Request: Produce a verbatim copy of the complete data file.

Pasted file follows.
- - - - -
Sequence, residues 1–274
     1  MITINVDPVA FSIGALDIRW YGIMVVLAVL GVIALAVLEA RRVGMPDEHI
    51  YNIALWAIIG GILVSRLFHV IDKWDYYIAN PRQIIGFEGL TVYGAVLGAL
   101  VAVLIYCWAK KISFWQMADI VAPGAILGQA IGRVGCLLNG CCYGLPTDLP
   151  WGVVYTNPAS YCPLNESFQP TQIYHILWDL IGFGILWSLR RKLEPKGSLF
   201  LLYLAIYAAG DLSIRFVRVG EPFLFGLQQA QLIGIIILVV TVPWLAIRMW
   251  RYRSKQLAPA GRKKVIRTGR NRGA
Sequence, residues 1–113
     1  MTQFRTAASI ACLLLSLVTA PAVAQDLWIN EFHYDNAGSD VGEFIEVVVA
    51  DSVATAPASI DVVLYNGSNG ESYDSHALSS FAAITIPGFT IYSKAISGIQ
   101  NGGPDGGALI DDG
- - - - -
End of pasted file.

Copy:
Sequence, residues 1–274
     1  MITINVDPVA FSIGALDIRW YGIMVVLAVL GVIALAVLEA RRVGMPDEHI
    51  YNIALWAIIG GILVSRLFHV IDKWDYYIAN PRQIIGFEGL TVYGAVLGAL
   101  VAVLIYCWAK KISFWQMADI VAPGAILGQA IGRVGCLLNG CCYGLPTDLP
   151  WGVVYTNPAS YCPLNESFQP TQIYHILWDL IGFGILWSLR RKLEPKGSLF
   201  LLYLAIYAAG DLSIRFVRVG EPFLFGLQQA QLIGIIILVV TVPWLAIRMW
   251  RYRSKQLAPA GRKKVIRTGR NRGA
Sequence, residues 1–113
     1  MTQFRTAASI ACLLLSLVTA PAVAQDLWIN EFHYDNAGSD VGEFIEVVVA
    51  DSVATAPASI DVVLYNGSNG ESYDSHALSS FAAITIPGFT IYSKAISGIQ
   101  NGGPDGGALI DDG